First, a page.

Glossy and matte, GM1 + Lumix G Vario 12-32mm
Enclosed by concrete, GM1 + Lumix G Vario 12-32mm
The only way is up, GM1 + Lumix G Vario 12-32mm
Light at the end of the tunnel, GM1 + Lumix G Vario 12-32mm
But there is something else that, even tough I knew it was very important from the beginning, I never really paid it much attention consciously; it was always there, and my eye was aware of it, but only at an unconscious level, and it is only recently that I have come to realize how crucial it really is, and how much better my eye and my photography would become if I just train myself to have this element always in mind first and foremost, even before the three elements I mentioned at the beginning of this post. And this is nothing but light.

Chain, shadow & leave, GM1 + Lumix G Vario 12-32mm
Duplicated reality, GM1 + Lumix G Vario 12-32mm
The sacrifice of the upper side of the leaf, GM1 + Lumix G Vario 12-32mm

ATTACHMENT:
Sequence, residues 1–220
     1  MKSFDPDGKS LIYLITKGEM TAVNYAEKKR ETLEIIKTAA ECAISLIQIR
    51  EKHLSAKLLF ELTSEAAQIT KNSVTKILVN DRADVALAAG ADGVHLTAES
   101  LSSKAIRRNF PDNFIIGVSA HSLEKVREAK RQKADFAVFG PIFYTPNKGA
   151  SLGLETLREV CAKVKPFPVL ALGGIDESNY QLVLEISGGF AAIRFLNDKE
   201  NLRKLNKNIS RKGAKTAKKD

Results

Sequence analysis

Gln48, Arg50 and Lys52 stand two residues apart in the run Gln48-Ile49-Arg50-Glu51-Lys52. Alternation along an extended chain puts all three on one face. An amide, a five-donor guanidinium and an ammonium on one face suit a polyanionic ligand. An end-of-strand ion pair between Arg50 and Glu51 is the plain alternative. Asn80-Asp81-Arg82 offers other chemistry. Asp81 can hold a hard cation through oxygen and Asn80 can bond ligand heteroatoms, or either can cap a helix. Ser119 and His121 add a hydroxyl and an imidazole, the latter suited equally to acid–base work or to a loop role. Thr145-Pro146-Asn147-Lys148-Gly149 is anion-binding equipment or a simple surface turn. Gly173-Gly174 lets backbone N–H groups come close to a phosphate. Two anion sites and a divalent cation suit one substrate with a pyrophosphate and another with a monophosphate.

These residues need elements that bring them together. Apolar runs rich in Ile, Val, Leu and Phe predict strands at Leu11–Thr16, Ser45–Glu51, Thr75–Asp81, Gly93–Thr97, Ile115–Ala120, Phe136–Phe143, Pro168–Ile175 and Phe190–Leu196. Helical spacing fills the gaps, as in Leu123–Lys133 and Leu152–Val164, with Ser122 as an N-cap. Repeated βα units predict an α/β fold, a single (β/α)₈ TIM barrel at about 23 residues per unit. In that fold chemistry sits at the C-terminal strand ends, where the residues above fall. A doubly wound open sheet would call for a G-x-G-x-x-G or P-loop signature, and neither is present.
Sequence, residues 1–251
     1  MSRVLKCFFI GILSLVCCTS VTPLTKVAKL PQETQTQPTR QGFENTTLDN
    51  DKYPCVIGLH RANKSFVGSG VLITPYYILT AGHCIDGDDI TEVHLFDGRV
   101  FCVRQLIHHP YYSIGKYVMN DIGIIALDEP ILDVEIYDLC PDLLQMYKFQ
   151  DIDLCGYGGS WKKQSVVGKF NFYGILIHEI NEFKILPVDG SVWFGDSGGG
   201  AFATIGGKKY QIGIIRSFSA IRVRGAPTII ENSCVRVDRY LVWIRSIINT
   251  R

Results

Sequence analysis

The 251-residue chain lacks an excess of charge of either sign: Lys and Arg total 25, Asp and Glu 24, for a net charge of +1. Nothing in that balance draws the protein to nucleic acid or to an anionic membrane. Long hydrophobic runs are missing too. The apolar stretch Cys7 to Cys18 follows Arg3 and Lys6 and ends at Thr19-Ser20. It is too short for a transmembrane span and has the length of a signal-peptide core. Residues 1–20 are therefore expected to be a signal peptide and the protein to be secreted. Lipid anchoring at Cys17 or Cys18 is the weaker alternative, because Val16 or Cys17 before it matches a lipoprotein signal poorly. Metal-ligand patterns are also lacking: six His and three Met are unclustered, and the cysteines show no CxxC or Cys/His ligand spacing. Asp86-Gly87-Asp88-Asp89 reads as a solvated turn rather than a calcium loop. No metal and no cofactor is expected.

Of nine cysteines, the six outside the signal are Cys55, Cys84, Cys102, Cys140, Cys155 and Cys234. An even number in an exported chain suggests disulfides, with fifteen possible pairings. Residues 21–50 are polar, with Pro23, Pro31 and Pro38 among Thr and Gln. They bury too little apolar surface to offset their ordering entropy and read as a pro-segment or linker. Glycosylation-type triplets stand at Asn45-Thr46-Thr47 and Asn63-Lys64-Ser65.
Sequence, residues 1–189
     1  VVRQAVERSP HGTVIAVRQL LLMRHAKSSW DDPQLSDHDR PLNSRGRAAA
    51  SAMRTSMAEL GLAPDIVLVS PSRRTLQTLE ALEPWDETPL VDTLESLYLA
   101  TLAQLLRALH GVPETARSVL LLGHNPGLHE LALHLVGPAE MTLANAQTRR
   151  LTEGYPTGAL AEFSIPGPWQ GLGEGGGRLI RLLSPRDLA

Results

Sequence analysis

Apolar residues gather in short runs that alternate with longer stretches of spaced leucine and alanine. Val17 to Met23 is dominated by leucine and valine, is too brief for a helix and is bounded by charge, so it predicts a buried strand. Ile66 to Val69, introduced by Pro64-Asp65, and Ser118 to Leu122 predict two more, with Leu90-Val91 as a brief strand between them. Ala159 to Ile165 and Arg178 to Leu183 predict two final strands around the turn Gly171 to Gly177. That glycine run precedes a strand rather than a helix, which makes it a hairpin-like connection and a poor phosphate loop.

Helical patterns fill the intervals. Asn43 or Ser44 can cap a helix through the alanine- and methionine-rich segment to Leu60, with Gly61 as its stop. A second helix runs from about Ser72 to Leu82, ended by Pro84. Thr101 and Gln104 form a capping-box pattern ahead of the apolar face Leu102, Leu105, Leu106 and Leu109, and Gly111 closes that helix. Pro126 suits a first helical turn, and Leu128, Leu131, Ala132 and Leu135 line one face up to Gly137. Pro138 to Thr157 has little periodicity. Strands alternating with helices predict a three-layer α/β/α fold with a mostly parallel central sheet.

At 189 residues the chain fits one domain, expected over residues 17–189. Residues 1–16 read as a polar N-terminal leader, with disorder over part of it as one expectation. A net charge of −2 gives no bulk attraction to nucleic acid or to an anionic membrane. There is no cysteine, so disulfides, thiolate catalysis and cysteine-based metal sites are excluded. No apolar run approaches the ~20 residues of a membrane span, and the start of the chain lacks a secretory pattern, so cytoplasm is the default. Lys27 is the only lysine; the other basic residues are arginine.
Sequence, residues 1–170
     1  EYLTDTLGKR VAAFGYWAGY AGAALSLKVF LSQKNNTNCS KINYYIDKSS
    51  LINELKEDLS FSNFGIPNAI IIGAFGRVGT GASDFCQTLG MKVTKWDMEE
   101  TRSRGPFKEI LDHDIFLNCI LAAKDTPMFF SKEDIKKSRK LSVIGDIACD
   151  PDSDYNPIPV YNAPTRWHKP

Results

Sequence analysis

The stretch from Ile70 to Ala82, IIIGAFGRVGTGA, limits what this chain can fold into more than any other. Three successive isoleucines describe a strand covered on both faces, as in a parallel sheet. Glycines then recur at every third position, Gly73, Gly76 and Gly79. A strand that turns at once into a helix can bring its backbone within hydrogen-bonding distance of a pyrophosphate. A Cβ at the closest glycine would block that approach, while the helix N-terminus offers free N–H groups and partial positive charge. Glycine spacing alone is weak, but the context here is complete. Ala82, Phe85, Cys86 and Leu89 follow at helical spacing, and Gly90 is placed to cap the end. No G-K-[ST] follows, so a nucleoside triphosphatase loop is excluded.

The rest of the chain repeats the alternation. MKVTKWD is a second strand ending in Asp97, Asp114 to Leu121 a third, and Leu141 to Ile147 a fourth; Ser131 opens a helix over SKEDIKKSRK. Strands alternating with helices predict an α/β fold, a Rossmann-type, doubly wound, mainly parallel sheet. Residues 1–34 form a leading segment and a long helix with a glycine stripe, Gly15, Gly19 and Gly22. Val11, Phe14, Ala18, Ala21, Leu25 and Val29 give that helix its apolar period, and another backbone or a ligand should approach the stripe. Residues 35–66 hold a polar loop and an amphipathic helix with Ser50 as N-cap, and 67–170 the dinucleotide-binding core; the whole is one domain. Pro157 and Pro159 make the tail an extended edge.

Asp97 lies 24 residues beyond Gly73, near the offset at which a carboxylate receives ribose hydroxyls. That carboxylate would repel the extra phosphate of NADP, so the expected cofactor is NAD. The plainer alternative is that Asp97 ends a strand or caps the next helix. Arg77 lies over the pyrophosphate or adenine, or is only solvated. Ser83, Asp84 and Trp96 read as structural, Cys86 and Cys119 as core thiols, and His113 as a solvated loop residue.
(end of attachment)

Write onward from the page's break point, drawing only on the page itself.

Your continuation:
I had read and heard countless times how important it was to study, understand, and look for light in photography, but I never really understood the deeper implications of what this really meant until now. It's as if my photographic journey had been a walk in the midst so far, and now suddenly the fog clears and everything becomes sharper and more defined. This doesn't necessarily mean that my pictures will magically turn better from night to day, but it definitely is impossible to pass a threshold in photography until you fully comprehend the mechanisms of light and its visual impact. Therefore, that is the main goal I have set for myself in the coming months: to be more aware of light, of how it works and how it shapes things, of how it hides and how it suggests. I am going to wittingly look for light from now on, and I'm going to train my eye to see it, understand it and, ultimately, capture it.